Sun-Wed, 8am-9pm; Thu-Sat, 8am-10pm
G at Greenpoint Ave.
This Polish diner is reminiscent of an Eastern European milk bar, selling heaping, but cheap, meat-and-potato-type dishes to blue-collar workers. Though it’s a local haunt for the Greenpoint Polish enclave, it also caters to the youthful overflow from Williamsburg and the waitresses do speak English. Vegetarians and calorie counters beware: This diner’s specialty is pork, and most everything is heavy on butter. A typical starter is the hearty white borscht, a sour rye-based soup with a milky consistency, cooked with fatty white sausage. Polish platters offer crisp-skinned kielbasa that still oozes its juices when sliced, and sauerkraut cooked enough to mellow its brininess, but the selection falters with overcooked, mushy stuffed cabbage and tough fried pierogies. The Hungarian pancake, covered in paprika-infused chicken goulash in soupy tomato sauce, should be eaten right away when it’s crisp and glistening from the fryer. No Polish dinner is complete without a blintz, and here the filling of ricotta-like, sweetened cheese wins out over the choice of added fruit from a can.Recommended Dishes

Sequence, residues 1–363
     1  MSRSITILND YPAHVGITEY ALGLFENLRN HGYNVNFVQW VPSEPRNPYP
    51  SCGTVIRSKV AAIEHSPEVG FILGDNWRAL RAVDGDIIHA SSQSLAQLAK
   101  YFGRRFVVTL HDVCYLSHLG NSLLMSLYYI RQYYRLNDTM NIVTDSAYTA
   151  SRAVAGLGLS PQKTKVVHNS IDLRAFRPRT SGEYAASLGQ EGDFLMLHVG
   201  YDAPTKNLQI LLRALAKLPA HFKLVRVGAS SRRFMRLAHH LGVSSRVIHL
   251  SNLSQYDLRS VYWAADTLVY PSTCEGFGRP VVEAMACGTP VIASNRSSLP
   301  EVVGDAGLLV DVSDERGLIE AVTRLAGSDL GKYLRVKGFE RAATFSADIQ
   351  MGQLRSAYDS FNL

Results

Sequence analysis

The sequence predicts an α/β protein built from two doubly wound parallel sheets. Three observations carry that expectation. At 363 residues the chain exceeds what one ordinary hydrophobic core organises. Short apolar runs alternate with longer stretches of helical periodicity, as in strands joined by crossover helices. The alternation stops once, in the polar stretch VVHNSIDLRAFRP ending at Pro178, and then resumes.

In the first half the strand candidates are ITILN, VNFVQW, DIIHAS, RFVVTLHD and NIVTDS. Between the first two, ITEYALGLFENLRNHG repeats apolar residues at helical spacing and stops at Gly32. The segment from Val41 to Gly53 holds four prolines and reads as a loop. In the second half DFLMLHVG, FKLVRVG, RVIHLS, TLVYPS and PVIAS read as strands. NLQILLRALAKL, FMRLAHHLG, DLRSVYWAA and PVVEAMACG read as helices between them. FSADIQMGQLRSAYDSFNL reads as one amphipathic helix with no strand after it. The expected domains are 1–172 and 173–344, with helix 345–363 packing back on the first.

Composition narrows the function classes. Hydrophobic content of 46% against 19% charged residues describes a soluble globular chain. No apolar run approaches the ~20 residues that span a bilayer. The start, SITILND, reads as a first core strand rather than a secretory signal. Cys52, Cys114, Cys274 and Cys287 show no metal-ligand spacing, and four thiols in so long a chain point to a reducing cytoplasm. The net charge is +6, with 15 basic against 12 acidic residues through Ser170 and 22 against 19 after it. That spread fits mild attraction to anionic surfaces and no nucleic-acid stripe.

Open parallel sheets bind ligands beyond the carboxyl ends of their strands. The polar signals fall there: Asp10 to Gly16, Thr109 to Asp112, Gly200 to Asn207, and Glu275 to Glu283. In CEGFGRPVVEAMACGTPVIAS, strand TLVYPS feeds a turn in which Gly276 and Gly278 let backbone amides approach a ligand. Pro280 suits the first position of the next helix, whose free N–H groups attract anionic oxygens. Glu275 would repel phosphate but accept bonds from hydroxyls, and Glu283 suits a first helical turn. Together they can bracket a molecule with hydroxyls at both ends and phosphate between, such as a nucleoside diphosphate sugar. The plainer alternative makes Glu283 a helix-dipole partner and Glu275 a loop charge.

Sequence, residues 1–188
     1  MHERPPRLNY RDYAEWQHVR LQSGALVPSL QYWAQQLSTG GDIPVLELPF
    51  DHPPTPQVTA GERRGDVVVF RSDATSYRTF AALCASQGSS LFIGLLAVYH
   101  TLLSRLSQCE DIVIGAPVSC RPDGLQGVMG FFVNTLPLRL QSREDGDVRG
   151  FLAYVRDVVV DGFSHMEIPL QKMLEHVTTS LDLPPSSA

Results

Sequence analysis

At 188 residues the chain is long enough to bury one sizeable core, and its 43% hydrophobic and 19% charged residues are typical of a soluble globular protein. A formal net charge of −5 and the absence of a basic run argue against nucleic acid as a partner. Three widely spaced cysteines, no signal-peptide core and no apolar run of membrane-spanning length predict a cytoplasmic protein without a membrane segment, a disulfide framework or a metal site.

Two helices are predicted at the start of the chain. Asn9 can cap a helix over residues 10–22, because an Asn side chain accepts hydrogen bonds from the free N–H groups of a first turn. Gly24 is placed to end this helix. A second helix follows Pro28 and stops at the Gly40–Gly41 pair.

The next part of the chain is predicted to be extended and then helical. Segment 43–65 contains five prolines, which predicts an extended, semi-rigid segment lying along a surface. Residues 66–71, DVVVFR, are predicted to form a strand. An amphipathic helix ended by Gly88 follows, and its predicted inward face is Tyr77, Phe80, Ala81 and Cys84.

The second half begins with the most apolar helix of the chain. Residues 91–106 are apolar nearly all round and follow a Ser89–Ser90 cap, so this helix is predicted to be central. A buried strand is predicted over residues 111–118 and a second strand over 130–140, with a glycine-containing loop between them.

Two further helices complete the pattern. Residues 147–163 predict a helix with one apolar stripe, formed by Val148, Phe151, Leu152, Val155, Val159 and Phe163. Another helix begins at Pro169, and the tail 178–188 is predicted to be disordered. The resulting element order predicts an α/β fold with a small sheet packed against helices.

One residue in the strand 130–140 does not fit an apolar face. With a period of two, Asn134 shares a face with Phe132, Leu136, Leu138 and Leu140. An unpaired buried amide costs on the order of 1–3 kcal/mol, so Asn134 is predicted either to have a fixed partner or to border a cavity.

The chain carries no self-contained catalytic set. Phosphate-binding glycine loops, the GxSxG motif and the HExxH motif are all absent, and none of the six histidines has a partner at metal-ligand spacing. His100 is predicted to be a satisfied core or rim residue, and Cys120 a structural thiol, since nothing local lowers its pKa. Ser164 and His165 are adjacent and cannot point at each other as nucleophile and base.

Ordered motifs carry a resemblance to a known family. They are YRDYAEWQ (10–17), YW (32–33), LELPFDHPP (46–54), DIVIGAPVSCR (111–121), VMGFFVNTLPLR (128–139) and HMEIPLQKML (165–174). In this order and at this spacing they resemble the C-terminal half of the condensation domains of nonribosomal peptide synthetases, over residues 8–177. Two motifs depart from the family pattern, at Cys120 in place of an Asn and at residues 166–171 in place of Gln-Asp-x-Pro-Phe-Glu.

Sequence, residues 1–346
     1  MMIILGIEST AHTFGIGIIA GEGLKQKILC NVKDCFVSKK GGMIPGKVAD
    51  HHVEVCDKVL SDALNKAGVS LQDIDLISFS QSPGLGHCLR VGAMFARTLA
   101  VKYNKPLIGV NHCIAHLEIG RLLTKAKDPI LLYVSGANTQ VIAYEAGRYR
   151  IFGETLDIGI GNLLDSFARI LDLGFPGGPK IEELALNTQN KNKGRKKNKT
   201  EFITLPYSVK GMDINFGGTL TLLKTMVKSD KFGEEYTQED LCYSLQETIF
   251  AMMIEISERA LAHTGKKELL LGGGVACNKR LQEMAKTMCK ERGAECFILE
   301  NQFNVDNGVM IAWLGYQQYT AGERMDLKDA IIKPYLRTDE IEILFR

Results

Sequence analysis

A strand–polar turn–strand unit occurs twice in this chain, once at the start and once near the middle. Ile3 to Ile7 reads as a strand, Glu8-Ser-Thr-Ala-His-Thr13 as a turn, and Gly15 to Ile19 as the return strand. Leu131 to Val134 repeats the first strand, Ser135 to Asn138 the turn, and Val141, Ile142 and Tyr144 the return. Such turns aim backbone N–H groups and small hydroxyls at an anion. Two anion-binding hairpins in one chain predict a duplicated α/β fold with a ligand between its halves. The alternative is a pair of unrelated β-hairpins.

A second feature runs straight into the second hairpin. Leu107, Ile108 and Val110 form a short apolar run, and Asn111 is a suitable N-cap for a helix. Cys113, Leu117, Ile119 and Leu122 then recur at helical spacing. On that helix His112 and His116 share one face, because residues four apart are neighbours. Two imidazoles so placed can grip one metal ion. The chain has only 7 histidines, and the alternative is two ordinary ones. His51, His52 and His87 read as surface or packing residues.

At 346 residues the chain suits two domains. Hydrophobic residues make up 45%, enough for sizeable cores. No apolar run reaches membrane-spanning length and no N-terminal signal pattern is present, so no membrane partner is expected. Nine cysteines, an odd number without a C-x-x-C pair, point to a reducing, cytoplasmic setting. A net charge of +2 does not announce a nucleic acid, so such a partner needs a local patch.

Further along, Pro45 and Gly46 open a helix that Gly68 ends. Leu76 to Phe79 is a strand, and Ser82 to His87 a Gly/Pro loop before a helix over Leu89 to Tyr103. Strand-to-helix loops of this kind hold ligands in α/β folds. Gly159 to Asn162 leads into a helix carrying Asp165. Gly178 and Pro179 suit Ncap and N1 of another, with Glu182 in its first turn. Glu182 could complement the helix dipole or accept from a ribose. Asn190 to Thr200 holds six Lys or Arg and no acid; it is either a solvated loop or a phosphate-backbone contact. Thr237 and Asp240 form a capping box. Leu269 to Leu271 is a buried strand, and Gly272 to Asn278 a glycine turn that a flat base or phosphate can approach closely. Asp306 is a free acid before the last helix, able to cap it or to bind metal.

Hungarian pancake, $9; Polish platter, $8.75; cheese and plum butter blintzes, $6